Pluto - Facts for Kids

Pluto - Facts for Kids
Images of Pluto from New Horizons and the Hubble Space Telescope. [Picture combined and labeled by S. Hariri, Planetary Society]

The search for Planet X
Neptune's orbit didn't seem quite right. Percival Lowell was one of the people convinced that the gravity of an unknown Planet X affected it. When he died, he left money in his will to keep on searching. In 1930, at the Lowell Observatory in Arizona, American astronomer Clyde Tombaugh discovered Pluto.

Pluto wasn’t Planet X.
Astronomers realized that Pluto wasn’t very big. But it took until 1978 to find out how small it was. That's when Pluto’s moon Charon was discovered. We can find the mass of a planet from the orbit of its moon, and Pluto’s mass turned out to be less than 1% of Earth’s. It was way too small to affect Neptune. In 1989, space probe data gave an accurate mass for Neptune. It turned out that the planet's orbit was just fine – there never was a Planet X.

Pluto wasn’t named after Disney's dog.
Venetia Burney, an 11-year-old English schoolgirl, suggested the name Pluto. Pluto was the Roman god of the underworld, a good name for a planet so far away from the Sun. The cartoon dog got his name afterwards.

Pluto has long days and long years.
An Earth day is 24 hours, the time it takes Earth to turn once on its axis. Pluto's day is longer, taking nearly an Earth week to rotate once. We travel around the Sun in about 365 days, but Pluto takes 248 Earth years to circle the Sun once.

Pluto has five moons.
The biggest moon is Charon. Charon was the ferryman who took the souls of the dead over the river Styx to Pluto’s kingdom. There are also four small moons whose names come from mythology related to Pluto.

NASA launched the New Horizons mission to Pluto in January 2006.
Pluto was the only planet not yet visited by a space probe. In a tribute to Clyde Tombaugh, who died in 1997, the spacecraft carried an ounce (28 grams) of the astronomer's ashes.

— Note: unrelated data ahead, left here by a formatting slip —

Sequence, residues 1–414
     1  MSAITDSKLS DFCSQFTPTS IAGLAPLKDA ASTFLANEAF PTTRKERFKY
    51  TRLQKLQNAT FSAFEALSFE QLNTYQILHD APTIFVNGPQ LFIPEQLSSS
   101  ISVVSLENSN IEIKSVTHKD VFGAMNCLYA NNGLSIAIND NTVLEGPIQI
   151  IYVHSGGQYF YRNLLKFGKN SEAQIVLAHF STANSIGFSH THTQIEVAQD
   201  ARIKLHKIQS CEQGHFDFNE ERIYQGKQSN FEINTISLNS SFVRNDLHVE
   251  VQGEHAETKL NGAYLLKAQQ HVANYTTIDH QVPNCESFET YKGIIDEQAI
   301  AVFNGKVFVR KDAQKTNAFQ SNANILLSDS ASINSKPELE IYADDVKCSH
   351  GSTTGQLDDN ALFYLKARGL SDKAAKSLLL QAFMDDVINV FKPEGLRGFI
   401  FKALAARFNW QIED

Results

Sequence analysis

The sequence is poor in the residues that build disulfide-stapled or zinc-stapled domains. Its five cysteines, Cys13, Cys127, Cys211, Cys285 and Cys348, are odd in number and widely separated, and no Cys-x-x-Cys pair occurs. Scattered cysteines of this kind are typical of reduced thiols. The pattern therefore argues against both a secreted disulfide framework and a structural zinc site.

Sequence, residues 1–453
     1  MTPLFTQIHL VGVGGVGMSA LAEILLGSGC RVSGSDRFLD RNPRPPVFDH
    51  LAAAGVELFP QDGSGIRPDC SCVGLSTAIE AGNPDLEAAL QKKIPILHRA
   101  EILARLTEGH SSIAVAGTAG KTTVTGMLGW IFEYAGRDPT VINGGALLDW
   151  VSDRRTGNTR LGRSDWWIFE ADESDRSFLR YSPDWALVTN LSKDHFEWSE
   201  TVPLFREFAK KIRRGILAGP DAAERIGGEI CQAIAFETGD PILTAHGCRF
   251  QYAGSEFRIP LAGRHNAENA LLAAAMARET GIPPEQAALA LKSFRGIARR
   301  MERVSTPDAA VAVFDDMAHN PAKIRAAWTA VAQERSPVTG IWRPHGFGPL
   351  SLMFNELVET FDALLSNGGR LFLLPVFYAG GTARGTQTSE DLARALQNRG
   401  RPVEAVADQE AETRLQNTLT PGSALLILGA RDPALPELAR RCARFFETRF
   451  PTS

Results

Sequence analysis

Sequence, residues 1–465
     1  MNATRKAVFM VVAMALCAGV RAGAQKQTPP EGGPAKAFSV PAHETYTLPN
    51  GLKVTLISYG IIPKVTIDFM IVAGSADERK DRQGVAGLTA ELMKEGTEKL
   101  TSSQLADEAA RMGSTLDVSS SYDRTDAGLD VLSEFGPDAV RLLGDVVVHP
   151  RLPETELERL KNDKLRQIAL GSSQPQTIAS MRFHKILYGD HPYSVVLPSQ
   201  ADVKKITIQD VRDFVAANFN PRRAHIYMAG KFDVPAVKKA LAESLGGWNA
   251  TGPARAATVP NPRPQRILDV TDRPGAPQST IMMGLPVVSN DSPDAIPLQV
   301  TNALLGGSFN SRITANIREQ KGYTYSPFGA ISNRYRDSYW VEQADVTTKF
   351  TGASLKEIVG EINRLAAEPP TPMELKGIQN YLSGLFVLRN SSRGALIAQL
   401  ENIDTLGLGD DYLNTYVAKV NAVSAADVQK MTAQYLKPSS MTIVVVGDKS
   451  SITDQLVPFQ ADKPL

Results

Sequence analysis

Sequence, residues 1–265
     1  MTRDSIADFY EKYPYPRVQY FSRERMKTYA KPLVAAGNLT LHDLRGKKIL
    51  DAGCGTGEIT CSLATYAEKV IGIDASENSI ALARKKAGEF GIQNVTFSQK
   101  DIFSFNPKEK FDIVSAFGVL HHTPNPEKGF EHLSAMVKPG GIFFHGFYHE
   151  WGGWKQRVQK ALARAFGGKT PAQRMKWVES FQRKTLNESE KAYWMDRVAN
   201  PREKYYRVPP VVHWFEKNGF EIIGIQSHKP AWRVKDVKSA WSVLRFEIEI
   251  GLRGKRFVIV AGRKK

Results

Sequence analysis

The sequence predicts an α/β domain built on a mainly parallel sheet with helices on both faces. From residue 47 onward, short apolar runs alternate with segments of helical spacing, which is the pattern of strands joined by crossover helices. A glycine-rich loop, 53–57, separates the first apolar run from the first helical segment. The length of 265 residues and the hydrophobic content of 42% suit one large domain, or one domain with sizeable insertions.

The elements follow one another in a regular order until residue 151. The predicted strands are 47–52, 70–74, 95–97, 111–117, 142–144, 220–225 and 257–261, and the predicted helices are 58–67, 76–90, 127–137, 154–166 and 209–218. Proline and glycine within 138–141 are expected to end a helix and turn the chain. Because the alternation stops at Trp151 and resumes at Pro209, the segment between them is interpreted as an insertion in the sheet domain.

Pluto the dwarf planet.
New Horizons had been travelling for seven months when the International Astronomical Union defined what a planet is. They also introduced the idea of a dwarf planet, and little Pluto was listed as one. In 2015, instead of making a flyby of the last planet, the spacecraft would make the first visit to a Kuiper Belt object.

Pluto was a mystery.
We knew very little about faraway Pluto until New Horizons got close. And when that happened, wow! A Hubble Space Telescope image had been our best view one of Pluto. It hinted that Pluto might be interesting, but didn't tell us much. You can see that picture in the image above, alongside the New Horizons view that looks like a heart.

It's cold out there.
Pluto's orbit isn't circular. It can be as close as 30 AU to the Sun and as far as 49 AU. (One AU – astronomical unit – is the distance from the Earth to the Sun.) Surface temperatures are from -226 to -240° C (-375 to -400° F). Even when Pluto is closest to the Sun, it's 30 times farther away from the Sun than Earth is.

Pluto's atmosphere
Astronomers were surprised when New Horizons found that a layer of the atmosphere is blue. This is probably caused by particles in the atmosphere scattering sunlight. The atmosphere only exists sometimes. When Pluto gets far enough from the Sun, the thin nitrogen atmosphere freezes onto the ground. [Photo: NASA/JHUAPL/SwRI]

Pluto's terrain
Terrain is what an area of land is like. For example, it could be rocky, mountainous, or flat and sandy. Most people expected Pluto to be fairly flat and rather boring. But Pluto was full of surprises.

Pluto has mountains 3500 meters high (11,500 ft) made of water ice. At those low temperatures, ice is as hard as rock. The left side of the “heart”, called Sputnik Planitia, is an ice sheet 1000 km (640 mi) across. It's made of nitrogen ice. There are also glaciers carving out deep valleys.

Some areas have lots of craters in them. We expect this, because bodies in the Solar System have been getting hit by meteors for a few billion years. Cthulhu Regio is such a region.

But what's strange is that there are also smooth areas like Sputnik Planitia that shouldn't exist. Since they do, it means that the craters got covered over by a liquid which froze into a smooth surface. Pluto has experienced cryovolcanism. That's cold volcanic activity like the Cassini mission discovered on Saturn's moon Enceladus.

From the New Horizons data, scientists found that Pluto has an ocean deep under the surface. There were probably places in the past where connections from the ocean to the surface. However, we don't know if this cryovolcanic action is still happening.

You Should Also Read:
Pluto – Names and Places
Names for Charon
Neptune – Facts for Kids

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